The Children’s Choir at St. Ann Church in Brentwood sings to the...

The Children’s Choir at St. Ann Church in Brentwood sings to the residents of the Ross Center for Nursing and Rehabilitation in Brentwood during a “Parranda Navideña … With A Twist,” caroling event Sunday. Credit: Rick Kopstein

Latinos from around Suffolk County spent the day Sunday traveling to different parts of the county reviving an old tradition of spontaneous Christmas caroling, known in Latino culture as parrandas — but with a twist.

The eighth annual “Parranda Navideña … With A Twist,” organized by North Babylon nonprofit Latina Moms Connect and the Brentwood-based Puerto Rican Coalition for a Better Community, featured local Latin musicians, or parranderos, leading a Christmas caroling-style event. Suffolk carolers sung Latino carols at various locations in Brentwood, Wyandanch and Melville to people of all ages.

The "twist" is that while normally parrandas are done spontaneously and by surprise in most Latin American countries, the Suffolk event has scheduled stops so that people know the carolers are coming.

Dorothy Santana, founder and president of Latina Moms Connect, said the event started as a way to connect Long Islanders with Latino roots to the holiday traditions in their homelands.

“I knew this was a tradition that many people in Puerto Rico and Cuba had, and that other Latin American countries have something similar. This was something that was very festive,” Santana said. “I knew that lots of people celebrated during the parranda time and we wanted to bring this tradition to Long Island for families who were disconnected from their home countries.”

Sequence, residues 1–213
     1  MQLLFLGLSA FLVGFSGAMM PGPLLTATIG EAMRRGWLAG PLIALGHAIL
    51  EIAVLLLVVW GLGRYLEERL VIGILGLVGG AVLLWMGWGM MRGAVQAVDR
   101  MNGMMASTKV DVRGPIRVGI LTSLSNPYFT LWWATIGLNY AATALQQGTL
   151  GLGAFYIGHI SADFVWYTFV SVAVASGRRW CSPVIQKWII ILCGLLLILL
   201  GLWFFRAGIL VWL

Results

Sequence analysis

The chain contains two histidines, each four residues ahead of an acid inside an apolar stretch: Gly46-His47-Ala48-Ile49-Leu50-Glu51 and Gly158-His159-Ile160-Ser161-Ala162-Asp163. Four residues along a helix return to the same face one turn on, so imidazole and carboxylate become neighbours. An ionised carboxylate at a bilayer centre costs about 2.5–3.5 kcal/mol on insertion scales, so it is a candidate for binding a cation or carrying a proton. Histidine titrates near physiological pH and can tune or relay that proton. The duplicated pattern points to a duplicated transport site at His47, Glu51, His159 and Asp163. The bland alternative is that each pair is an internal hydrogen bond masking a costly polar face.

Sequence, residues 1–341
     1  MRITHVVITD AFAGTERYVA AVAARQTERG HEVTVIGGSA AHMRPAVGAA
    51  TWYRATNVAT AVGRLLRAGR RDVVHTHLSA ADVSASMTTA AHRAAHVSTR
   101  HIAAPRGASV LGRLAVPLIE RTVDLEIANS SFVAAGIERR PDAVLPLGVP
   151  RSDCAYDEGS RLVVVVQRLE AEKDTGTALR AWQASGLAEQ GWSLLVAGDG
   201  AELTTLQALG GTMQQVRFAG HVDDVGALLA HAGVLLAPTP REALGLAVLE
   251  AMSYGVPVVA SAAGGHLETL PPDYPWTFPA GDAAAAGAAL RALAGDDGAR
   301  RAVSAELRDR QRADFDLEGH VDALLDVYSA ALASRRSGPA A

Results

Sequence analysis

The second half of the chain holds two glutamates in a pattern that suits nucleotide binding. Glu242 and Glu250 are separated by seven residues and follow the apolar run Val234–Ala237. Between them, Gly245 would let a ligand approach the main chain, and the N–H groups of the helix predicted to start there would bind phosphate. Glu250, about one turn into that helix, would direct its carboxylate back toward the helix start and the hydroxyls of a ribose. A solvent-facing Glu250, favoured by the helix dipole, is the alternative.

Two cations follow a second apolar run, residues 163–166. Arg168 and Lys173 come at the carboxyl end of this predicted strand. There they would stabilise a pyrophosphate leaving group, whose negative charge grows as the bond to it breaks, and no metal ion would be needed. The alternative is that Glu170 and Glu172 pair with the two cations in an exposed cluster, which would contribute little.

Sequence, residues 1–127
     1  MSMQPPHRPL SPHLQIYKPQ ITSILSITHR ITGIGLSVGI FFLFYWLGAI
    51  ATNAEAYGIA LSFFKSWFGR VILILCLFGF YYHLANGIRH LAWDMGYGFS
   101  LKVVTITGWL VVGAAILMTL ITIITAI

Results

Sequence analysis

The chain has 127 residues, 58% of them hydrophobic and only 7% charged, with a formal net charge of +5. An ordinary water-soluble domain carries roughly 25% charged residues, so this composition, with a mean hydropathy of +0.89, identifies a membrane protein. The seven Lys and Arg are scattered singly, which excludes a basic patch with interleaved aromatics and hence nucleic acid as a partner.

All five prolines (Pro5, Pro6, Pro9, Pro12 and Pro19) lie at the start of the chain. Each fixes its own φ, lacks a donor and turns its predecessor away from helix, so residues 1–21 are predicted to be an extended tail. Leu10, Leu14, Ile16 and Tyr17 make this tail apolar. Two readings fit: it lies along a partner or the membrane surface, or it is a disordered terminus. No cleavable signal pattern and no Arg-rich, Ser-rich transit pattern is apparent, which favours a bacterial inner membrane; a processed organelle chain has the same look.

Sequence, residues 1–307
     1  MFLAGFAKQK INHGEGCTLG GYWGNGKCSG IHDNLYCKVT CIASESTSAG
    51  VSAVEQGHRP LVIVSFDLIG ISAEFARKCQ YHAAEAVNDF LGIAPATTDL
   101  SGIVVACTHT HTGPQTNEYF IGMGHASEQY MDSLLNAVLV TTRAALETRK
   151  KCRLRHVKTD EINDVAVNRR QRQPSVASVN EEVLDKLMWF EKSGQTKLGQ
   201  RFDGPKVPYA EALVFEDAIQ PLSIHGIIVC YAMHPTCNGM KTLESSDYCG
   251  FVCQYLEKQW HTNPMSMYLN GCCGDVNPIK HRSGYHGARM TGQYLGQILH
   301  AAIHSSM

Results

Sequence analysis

Accompanied by guitars, maracas and other instruments, parranderos sang songs including “Feliz Navidad,” made famous by late music star Jose Feliciano, “Los Peces en el Rio” and “La Paloma” at sites including the Brentwood Ross Nursing Home in Brentwood and Wyandanch Plaza. The parranda will visit Nassau County on Dec. 18.

Miguel Ortiz, 45, of Brentwood was spending his third year singing with his family, including his son Eric Ortiz, 23, a U.S. Army sergeant from Fort Hood, Texas, visiting home for the holidays.

“It feels so uplifting for the community,” Miguel Ortiz said. “If everyone can celebrate just one time like that, it’s great. It’s like ‘Look! We brought this along from our community and where we came from.’ This is how we celebrate our community.”

Eric Ortiz got in on the fun as he danced along with other carolers at Wyandanch Plaza.

“You wouldn’t know about this if they didn’t keep the tradition alive. They bring you in and it’s so special because you remember it and it makes you part of the culture. That’s my favorite part,” Eric Ortiz said.

Luisa Roman, 40, of Bay Shore, had been attending the parranda for several years with her children. Roman, originally from Colombia, said she had similar traditions in her native country and liked introducing her children to a piece of their heritage.

“I try to be here every year, and you’ll feel the energy from everyone here,” Roman said. “A lot of us know each other, and if we don’t, by the end of the parranda we become friends, and it feels awesome to keep that culture alive while you’re here.”

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